There are very distant noises, even if it all sounds like a lisergo, like the lisergo of the Gobi, I remember, or like the lisergo of the Sahara, I remember, or like the lisergo of the Sahel. Now I know what hunger is, even if it is colder here, not warmth like that I associate with the distant sensations perhaps of when I was a boy and went to a place of prayer with my mother, and there they collected offerings for black-skinned children very different from me, and the sentence I remember is the name of the place where they lived, or died it would be better to say: the Sahel. An aspiration. I go on but I feel my legs dripping with something, I pull up my trousers, and they are full of wounds, blood starts, blood oozes, but who could have given me these dragons, these scratches, not these dragons? Who reduced me to this? Who brought me here?

I remember. Before losing consciousness, before losing everything, I was on a road, on a street, walking, and in front of me was a little girl, she must have been six or seven years old.

She was gliding on her scooter along the pavement, that segment that separates the part you walk on from the part where cars stop or park.

The girl was panting a little. She was looking ahead. She looked to the side. She looke at a car. In the car, her father, the window down, was shouting COME ONE, soft come on, again, GO, what are you doing, you idiot, STOP. Then again, STOOP. With so many Os anchored to the gold of the shout, that fragment of voice in the throat that if it were a mine to dig you’d get rich. I suddenly remember, as I walk among the stones of this land unable to be read, or as I would wish it to be read. As I would wish that geography were really handwriting; that the world really was like a book. There. I remember, like a laugh in the theatre of the mind’s sounds, that I used to do the opposite of a dangerous job: I used to sell rare books to people sick of rare books. And now I am here, lost somewhere, boned by the civilisation of lines and pictures and small windows to which I am accustomed. Why did I end up here? I don’t remember that. How strange. How heart-breaking. They stick out like weapons in the arms of a people in revolt, these fragments of how it was, how I ended up here. Yet I am not dead. I am proud. I am wounded. I walk. In my own way I feel good. It must be twenty degrees, my watch is not far off, because the clouds filter out the afternoon sun and it is probably not that far off five in the afternoon.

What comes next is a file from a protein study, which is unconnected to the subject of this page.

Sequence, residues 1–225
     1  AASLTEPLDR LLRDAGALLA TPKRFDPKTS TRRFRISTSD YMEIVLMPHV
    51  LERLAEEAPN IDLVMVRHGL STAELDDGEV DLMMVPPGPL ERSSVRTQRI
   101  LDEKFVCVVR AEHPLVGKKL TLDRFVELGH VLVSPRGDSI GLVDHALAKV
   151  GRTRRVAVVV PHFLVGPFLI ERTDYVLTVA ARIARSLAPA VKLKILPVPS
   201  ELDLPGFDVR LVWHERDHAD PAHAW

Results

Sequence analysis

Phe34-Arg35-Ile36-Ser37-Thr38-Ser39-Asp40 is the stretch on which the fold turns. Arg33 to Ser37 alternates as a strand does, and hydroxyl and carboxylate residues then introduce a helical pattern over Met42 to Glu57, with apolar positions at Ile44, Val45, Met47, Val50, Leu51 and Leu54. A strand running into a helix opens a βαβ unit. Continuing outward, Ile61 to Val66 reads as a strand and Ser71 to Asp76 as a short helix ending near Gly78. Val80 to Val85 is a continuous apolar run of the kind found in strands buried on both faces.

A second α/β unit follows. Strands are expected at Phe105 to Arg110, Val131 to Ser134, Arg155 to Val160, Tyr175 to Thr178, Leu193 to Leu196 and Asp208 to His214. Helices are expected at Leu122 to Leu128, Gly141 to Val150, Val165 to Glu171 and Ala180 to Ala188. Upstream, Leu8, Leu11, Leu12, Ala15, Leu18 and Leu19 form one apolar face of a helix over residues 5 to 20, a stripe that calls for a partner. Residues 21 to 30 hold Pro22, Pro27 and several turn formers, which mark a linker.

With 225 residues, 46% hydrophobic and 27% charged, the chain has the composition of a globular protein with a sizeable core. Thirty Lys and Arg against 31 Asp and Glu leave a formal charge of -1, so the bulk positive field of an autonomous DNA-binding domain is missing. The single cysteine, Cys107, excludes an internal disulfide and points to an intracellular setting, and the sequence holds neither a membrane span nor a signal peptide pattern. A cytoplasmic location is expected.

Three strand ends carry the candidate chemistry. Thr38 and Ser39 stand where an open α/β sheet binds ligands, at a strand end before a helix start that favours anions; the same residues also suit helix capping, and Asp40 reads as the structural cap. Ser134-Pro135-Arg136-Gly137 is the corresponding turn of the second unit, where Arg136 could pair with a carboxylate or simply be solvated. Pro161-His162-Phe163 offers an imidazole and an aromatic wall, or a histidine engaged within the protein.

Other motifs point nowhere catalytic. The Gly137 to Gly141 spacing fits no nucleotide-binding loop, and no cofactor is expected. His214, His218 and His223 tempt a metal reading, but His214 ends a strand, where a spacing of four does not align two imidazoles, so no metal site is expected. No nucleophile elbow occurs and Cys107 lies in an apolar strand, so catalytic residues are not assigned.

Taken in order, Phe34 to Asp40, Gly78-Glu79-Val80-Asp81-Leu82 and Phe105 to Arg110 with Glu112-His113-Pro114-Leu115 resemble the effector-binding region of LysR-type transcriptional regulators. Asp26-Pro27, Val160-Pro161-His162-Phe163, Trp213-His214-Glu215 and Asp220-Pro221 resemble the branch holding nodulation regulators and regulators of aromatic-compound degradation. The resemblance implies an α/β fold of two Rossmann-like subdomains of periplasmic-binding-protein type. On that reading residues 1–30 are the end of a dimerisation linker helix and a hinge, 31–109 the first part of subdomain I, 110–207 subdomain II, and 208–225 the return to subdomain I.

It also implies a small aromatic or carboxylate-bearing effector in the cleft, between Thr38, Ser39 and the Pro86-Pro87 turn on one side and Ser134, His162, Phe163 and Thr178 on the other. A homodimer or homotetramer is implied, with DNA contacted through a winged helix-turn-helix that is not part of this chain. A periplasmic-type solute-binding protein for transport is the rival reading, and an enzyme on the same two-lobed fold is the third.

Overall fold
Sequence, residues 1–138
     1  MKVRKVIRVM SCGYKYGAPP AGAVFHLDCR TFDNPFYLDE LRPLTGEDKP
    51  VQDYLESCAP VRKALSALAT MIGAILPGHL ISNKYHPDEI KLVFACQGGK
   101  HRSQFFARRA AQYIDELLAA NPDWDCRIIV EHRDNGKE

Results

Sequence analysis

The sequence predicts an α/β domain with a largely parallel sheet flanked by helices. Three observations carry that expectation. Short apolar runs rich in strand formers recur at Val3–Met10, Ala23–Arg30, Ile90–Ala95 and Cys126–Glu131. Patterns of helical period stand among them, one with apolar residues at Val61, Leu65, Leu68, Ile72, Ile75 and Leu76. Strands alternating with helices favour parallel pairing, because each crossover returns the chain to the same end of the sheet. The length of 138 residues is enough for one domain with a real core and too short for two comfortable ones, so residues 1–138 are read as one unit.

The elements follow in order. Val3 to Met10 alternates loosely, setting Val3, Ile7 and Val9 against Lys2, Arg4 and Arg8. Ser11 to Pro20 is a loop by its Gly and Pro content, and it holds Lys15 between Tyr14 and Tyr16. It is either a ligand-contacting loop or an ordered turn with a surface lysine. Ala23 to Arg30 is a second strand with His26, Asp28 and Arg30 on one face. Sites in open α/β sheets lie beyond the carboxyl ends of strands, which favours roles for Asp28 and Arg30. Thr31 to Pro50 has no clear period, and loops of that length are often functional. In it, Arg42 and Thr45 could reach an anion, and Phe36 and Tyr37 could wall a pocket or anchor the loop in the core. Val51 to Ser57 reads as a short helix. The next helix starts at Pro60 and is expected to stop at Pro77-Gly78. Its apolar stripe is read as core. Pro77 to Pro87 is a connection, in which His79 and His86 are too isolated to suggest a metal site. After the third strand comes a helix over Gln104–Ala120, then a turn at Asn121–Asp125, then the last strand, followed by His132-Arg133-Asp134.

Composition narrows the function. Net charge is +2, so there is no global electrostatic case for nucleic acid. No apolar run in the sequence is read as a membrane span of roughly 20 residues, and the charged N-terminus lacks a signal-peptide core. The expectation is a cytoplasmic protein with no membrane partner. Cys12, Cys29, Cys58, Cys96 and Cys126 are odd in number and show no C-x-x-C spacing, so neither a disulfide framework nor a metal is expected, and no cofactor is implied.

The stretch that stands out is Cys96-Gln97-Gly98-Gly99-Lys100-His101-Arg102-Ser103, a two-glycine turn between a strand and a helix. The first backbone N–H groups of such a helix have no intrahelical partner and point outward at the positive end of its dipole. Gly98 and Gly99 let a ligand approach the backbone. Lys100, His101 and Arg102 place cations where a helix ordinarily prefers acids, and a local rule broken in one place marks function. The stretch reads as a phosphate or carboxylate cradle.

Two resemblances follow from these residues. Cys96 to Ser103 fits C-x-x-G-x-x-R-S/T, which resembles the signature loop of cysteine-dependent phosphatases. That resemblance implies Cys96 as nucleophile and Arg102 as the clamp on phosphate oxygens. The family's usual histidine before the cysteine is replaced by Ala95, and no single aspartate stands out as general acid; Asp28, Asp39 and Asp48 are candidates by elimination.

But it was winter. It was a peevish planet. It’s warm here. The planet got peeved.

Gianluigi Ricuperati

Gianluigi Ricuperati (1977) is a writer, essayist and editor. He has published four novels, five essays and edited various catalogues in Italy and abroad. His publishers include Feltrinelli and Gallimard. He has directed the Domus Academy. He was curator of the Ukraine pavilion at the 23rd Milan Triennale. He edits Nova Express international magazine and agency. His book A cosa serve l’arte written with Hans-Ulrich Obrist, is soon to be published by Marsilio.